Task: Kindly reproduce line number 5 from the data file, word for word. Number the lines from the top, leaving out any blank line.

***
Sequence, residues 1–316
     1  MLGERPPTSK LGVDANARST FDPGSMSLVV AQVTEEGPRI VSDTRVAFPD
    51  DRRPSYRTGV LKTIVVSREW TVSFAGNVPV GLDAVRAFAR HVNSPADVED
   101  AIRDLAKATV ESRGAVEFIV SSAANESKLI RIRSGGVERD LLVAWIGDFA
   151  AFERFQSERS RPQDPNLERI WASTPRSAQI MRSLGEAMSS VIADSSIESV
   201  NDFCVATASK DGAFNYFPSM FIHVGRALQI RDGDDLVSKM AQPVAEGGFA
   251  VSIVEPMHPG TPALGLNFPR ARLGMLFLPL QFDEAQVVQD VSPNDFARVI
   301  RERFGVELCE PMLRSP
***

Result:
   151  AFERFQSERS RPQDPNLERI WASTPRSAQI MRSLGEAMSS VIADSSIESV